Divergent views trail N37b budget for National Assembly complex renovation
With controversy trailing the proposed N37 billion National Assembly complex renovations spending in the 2020 budget, built environment professionals are divided in their opinions on the desirability of the cost, amid current tight financial crisis in the country.
However, they all agreed that the scope of work should be made public. While some experts posited that the depreciation in the value of money today, might have pushed up the total renovation budget, others felt that N37 billion spending isn’t the best for a nation with more pressing needs and increasing debt profile.
President Muhammadu Buhari had approved N37 billion for the renovation of the complex, for a project that was built in 1999 at a cost of nearly $35.18 million. The contract was awarded to ITB Nigeria, on February 18, 1996, through the Department of Public Building, Federal Capital Development Administration, (FCDA).
The said amount, which was included in the 2020 budget, is however not part of the N128 billion allocated for the National Assembly spending for 2020. The money is rather; a part of the 2020 budget of the Federal Capital Development Administration as contained in the N2.5trn budgeted for capital projects by the Federal Capital Development Authority in the 2020 budget.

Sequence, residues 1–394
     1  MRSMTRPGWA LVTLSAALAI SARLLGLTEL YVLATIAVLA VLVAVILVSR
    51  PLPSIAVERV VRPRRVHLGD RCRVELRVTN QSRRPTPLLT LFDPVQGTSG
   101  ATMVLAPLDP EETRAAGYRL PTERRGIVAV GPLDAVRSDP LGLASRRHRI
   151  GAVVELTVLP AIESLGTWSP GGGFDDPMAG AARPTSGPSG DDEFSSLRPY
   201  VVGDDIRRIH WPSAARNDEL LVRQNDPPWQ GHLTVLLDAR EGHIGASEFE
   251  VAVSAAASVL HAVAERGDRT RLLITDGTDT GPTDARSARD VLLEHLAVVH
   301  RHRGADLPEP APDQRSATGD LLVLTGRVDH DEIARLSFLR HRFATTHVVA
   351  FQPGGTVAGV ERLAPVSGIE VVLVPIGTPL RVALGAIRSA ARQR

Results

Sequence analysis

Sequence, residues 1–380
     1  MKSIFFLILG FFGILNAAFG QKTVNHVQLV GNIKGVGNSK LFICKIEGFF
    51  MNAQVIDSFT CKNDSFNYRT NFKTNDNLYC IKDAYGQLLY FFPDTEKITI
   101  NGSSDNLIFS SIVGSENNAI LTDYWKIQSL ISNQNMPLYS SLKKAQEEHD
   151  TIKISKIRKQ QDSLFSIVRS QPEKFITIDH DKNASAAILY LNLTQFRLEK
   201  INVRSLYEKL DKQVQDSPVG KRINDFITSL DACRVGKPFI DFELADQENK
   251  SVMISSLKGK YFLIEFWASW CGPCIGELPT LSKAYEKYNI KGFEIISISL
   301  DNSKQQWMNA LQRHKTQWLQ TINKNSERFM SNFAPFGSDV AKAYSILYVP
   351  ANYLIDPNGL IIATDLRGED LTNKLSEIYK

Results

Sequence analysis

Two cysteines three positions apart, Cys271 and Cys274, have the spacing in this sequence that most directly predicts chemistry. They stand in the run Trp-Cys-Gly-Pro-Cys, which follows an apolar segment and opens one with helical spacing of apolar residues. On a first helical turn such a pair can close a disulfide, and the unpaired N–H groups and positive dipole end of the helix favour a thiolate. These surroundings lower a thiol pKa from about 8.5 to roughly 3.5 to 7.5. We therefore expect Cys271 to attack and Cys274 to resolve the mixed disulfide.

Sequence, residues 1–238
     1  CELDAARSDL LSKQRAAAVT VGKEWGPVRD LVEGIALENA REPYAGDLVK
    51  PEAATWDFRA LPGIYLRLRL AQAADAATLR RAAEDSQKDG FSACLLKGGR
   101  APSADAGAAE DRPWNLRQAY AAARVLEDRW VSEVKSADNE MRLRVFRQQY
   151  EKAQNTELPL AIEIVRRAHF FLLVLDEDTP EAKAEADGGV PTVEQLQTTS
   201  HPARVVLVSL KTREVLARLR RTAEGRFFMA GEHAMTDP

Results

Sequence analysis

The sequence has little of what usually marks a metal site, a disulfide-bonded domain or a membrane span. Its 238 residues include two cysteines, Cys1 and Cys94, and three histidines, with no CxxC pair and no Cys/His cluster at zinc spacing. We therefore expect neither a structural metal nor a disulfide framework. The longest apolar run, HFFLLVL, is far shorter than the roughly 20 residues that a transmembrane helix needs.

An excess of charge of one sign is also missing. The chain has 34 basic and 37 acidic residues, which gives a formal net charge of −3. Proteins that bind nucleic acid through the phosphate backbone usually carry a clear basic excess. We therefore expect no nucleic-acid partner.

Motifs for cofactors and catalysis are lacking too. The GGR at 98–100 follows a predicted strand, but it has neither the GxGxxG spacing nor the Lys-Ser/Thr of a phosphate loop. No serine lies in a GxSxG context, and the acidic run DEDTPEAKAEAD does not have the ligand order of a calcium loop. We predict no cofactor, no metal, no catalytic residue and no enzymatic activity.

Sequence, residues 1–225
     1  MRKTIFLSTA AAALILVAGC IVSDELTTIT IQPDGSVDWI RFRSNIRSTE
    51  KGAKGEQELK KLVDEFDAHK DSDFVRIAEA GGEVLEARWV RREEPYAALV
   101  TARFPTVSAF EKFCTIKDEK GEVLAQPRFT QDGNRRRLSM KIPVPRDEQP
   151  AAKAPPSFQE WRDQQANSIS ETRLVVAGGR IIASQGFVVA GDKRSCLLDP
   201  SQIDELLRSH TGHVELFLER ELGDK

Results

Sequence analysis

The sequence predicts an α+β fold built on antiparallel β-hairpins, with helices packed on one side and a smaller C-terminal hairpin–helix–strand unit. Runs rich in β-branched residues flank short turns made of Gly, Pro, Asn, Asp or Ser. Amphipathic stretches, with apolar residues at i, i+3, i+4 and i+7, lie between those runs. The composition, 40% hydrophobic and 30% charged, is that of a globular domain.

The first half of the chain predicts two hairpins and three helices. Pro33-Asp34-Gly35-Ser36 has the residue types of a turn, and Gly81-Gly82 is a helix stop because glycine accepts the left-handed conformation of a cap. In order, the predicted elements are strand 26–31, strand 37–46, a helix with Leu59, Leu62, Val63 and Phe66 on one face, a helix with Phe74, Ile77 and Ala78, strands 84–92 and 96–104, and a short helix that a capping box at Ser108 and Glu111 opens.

The Senate president, Ahmad Lawan, had justified the spending last week, saying that there has been no major renovation of the National Assembly building for 20 years while many parts of the property had become old.
“We met the president and (it was) related the condition of the complex. The president responded and said he was going to renovate the complex. The phase one renovation will commence with the chambers and committee rooms in the white house. N37 billion was sourced and was given.”
“When we are through with phase 1, we will go to phase II. It is not under the control of the National Assembly. The complex is a national asset and is for the FCDA to take care,” he said.
He also said that the phase one renovation will commence –with the chambers and committee rooms of the complex.
Immediate past chairman, Nigerian Society of Engineers, Apapa branch, Dr. Ombugadu Garba said from the face value, devoting N37 billion for the renovation of a building is quite huge with Nigeria’s finance challenges.
“Is it that the building since 1999 has not been renovated, or it is not always renovated as at when due? If not what would devalue it to that requiring spending that kind of money to renovate it. I think is not the best option considering the challenges of finances the country is going through.”
“As lawmakers there is the need for them to also lead by example. We cannot borrow money and then spend it in such a situation that would suggest something to the people. If you are spending N37b to renovate a complex and also looking at cars they said they would need, I do not that in the scale of preference, that shouldn’t be the top. But, we don’t know the state of the complex or the level of dilapidation of the complex that could warrantee such kind of spending. We need to investigate the level of dilapidation of that building, when last was it renovated and how much was spent and then look at the trend of expenditure on it and if the fact that they spend much money when it was last renovated is not guaranteed, we must have value for money in whatever, will do. That is how the government could be sustainable in the face of the economic crisis the nation has to contend with.”